Remember that old episode of Sex and the City – the one where Carrie had to purchase her apartment but had no money? It spurred the infamous quote, “I like my money where I can see it, in my closet.”
It’s all fun and games, until Carrie ends up homeless. In the show, reality didn’t set in like that because, well, it’s a television show. In real life, personal finance is among the most overlooked topics with women, however in recent years, the financial literacy gap is getting smaller.
Detailing every single piece of personal finance for every single situation isn’t possible to accomplish in one blog post, however, there are basic tips that you can institute today to gain greater control of your personal finances.
Before you dive in, sit down and write out what finance success means to you. Even if its on a scrap piece of paper, just do it. This is the single most important part of taking control of your finances. When you have a plan and a goal, it makes all the other pieces fall into place. It’ll also help you prioritize financial tasks and help you reach your goal faster. Try not to focus on what other people are doing (or worse, what they’d think). Is your goal being debt free? Purchasing a home? Paying down credit card debt? No matter what your goal is, define what financial success means to you. Also, don’t be worry about being cornered into one grand goal. It’ll change over time – just focus on the here and now.
It may seem basic, but there is a reason why this old adage still rings true. Saving 10% of everything you earn should be something you strive for whether you’re working freelance or have a salaried job. Do it as soon as your paycheck hits your checking account. Push 10% of that money into your savings account and don’t touch it unless there is a real need for it. It may be tempting at first to use that money, but you’ll be thankful in the long-run when life happens and you find yourself calm, cool and collected because you’re a woman in charge of your bank account and you got this covered.
A 401K is a retirement savings plan sponsored by your employer. If you work for a company with a salary, chances are your employer has a 401K program that you can enroll in. The best part? Most companies offer 401K matching to make your retirement savings even more lucrative in the long-run. Think of a 401K like paying yourself first before any taxes get taken out and before your company pays you. You can’t access the funds now, but you’ll be thankful when retirement rolls around.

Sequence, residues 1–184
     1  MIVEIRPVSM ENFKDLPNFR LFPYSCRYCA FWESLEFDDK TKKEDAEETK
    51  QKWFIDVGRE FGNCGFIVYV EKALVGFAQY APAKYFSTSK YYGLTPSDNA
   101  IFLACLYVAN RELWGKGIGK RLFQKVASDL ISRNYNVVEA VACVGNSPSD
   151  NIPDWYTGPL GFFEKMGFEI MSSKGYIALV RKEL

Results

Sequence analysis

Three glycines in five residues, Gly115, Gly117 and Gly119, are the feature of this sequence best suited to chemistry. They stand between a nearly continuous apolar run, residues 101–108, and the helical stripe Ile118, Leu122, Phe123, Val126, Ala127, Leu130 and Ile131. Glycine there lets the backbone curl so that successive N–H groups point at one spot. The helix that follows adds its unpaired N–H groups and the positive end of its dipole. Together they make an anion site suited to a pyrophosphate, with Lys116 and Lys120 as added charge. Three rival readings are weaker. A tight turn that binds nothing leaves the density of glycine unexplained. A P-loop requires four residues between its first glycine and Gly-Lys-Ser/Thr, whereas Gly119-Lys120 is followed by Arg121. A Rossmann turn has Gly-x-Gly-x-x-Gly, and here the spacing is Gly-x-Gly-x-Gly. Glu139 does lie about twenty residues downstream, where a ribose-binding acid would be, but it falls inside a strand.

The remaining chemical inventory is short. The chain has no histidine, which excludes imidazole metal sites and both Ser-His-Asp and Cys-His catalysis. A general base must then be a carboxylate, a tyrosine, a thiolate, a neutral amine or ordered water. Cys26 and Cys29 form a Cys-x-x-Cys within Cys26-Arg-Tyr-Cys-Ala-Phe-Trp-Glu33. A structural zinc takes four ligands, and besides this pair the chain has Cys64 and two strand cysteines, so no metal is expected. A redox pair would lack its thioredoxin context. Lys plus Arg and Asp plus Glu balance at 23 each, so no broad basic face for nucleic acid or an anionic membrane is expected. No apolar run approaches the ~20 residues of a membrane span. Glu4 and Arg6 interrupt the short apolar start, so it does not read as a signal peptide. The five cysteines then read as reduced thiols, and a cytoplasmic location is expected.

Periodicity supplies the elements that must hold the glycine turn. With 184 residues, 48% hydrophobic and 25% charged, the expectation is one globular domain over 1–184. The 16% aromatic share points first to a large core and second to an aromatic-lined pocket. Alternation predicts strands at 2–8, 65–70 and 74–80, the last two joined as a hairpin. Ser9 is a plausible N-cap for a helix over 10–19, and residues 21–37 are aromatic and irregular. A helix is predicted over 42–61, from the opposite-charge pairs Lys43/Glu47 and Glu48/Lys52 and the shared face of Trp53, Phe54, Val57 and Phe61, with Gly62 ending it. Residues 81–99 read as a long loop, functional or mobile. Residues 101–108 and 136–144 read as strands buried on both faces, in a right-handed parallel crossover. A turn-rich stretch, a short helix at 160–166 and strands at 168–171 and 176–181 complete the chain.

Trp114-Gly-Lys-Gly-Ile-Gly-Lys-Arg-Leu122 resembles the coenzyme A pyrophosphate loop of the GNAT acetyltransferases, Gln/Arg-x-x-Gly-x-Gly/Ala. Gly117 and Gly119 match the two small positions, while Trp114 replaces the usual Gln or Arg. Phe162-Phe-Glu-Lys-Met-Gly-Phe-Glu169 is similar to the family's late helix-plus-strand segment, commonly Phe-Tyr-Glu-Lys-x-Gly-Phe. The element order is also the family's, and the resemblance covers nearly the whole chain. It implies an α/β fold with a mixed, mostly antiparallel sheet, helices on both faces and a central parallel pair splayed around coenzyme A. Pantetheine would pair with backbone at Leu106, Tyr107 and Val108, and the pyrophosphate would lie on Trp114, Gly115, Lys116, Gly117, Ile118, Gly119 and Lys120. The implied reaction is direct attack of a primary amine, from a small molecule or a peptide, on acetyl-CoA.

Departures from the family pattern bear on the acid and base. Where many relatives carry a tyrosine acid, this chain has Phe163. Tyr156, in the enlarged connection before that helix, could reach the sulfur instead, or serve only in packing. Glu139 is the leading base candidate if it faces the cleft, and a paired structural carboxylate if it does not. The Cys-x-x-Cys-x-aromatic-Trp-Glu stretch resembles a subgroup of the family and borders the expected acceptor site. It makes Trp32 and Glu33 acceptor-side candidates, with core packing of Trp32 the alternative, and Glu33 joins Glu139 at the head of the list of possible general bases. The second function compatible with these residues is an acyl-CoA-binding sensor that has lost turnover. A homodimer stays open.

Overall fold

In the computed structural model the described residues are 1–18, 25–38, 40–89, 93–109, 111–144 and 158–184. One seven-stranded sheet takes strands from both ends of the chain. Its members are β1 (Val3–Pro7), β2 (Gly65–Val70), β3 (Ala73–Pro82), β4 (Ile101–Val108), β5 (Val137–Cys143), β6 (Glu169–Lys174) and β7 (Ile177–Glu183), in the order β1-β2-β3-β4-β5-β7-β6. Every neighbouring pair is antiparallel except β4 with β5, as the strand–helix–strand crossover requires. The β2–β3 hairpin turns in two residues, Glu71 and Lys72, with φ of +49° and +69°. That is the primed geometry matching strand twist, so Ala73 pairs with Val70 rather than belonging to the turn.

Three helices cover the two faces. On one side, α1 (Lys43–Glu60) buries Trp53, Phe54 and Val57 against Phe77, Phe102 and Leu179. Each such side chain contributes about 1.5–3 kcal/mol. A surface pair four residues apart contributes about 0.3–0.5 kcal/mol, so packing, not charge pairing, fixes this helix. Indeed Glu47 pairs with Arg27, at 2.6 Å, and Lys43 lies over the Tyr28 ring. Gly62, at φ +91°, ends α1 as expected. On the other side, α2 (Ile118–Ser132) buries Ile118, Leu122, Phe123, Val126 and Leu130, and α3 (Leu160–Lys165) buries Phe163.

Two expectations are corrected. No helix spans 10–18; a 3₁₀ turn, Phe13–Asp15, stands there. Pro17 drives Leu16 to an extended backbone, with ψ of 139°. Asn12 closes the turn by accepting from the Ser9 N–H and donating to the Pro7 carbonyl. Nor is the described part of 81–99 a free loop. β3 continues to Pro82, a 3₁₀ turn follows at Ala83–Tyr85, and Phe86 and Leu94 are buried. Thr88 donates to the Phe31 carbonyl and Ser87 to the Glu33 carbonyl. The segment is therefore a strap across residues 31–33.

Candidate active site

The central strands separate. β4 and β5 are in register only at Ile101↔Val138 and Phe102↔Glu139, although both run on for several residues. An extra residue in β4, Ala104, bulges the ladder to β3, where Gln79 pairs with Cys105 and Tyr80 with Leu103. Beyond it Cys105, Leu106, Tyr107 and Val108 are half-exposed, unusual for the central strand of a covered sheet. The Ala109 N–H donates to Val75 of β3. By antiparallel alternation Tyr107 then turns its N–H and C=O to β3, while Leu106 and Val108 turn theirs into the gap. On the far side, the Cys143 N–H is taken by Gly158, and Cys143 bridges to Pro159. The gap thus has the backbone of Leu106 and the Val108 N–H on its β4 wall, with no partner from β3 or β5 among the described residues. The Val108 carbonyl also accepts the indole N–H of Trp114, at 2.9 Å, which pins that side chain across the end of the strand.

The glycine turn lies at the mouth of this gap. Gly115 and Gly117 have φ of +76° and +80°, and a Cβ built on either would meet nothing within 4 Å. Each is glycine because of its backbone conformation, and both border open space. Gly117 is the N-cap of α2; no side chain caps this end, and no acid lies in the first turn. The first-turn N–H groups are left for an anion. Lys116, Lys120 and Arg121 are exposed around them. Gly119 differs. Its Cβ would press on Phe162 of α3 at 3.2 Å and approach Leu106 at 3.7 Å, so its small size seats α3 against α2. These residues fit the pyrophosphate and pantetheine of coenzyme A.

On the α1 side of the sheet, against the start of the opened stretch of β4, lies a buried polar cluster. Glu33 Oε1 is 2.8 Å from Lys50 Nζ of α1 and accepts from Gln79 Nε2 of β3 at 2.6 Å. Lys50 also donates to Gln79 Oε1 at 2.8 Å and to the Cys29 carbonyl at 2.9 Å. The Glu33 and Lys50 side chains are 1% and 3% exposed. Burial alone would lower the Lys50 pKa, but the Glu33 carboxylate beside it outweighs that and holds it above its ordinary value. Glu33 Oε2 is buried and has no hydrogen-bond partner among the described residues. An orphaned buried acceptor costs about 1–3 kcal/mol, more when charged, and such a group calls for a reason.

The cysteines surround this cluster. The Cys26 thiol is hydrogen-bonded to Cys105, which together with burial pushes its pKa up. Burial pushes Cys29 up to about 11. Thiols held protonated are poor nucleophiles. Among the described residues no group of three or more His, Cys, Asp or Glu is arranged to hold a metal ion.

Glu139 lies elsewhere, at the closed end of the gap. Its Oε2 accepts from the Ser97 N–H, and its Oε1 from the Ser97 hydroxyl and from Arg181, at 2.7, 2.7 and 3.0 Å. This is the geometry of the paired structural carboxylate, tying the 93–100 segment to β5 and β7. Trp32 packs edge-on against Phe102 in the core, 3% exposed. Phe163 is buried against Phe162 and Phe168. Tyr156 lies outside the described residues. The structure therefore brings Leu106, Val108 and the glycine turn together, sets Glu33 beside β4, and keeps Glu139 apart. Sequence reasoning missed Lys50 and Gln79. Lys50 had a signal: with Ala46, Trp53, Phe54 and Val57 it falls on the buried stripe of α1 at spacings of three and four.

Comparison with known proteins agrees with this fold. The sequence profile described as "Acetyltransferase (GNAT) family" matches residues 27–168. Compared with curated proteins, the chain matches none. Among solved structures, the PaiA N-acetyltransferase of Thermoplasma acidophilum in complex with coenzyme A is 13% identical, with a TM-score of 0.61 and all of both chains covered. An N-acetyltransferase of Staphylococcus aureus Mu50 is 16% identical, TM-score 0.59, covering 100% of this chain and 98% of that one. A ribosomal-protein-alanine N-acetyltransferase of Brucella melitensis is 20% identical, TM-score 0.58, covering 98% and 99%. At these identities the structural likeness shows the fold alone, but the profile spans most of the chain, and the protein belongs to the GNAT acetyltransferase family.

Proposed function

I know – YOLO, right? Who cares about saving? Why put money in a 401K when that Gucci bag would look so great on your arm now? Plus, life’s too short not to spend your money and treat yourself, right? Wrong. Invest in your 401K and you’ll be the one laughing yourself to the bank when others have a closet full of shoes and clothes and no retirement funds. It’s a tough, and sometimes scary thing to think about, but everyone gets old and social security simply isn’t enough to live off of anymore. Get it, woman.
Rent, mortgages and car payments are usually on the top of your mind, but it’s the small expenses that normally crashes any budget. Small expenses include purchasing too much clothes, having that extra cocktail at the bar, or buying one too many makeup products (yet again!) at Sephora. Develop a budget for everything, even your free spending, and you’ll be that much closer to meeting your goal.
It’s hard to accrue wealth when you have debt so paying it off should be a major priority for financial freedom. If you have student loan debt develop a goal to pay it off. The federal government has countless programs now to assist paying off your student loans at a pace and rate that matches your employment situation. Having credit card on the other hand is a very different type of debt and is less forgiving when it comes to repayment. If your credit card company isn’t willing to negotiate a repayment or lower your interest rate, consider signing up with a different company with a lower interest rate and transfer your balance to that bank. If you have student loans and credit card debt combined then you might consider using the Debt Snowball Calculator as a starting step.
Each month, either at the beginning or the end, make it a goal to review all of your finances for at least 1 hour. Just do it. Take out your written goal from step one to help guide you. A monthly finance review is more than simply logging online to check your checking and savings account. It is meant to review your expenses and whether you’re moving towards your goal or not. Based off of the previous month’s expenses, you can act accordingly the next month. Online banking has come a long way in terms of showing you your spending, but if you’re not sure, you might try Mint.com. It’s online platform, ease-of-use and delightful graphs makes money management a snap.
Money isn’t always an easy topic to discuss, even among the closest of friends. Perhaps your parents never taught you about money, or you have had bad experiences with it. Maybe you have a lot of debt and are embarrassed, or maybe you just don’t feel confident with your financial literacy. It’s often a topic most women, and people in general, avoid because of the delicate and personal experiences that you face in life.
Whatever the case is, you should work towards having a positive mental relationship with money. Living a life set on your own terms requires financial literacy and freedom. In order to do that, facing your finances head-on will give you peace-of-mind and make you feel more empowered.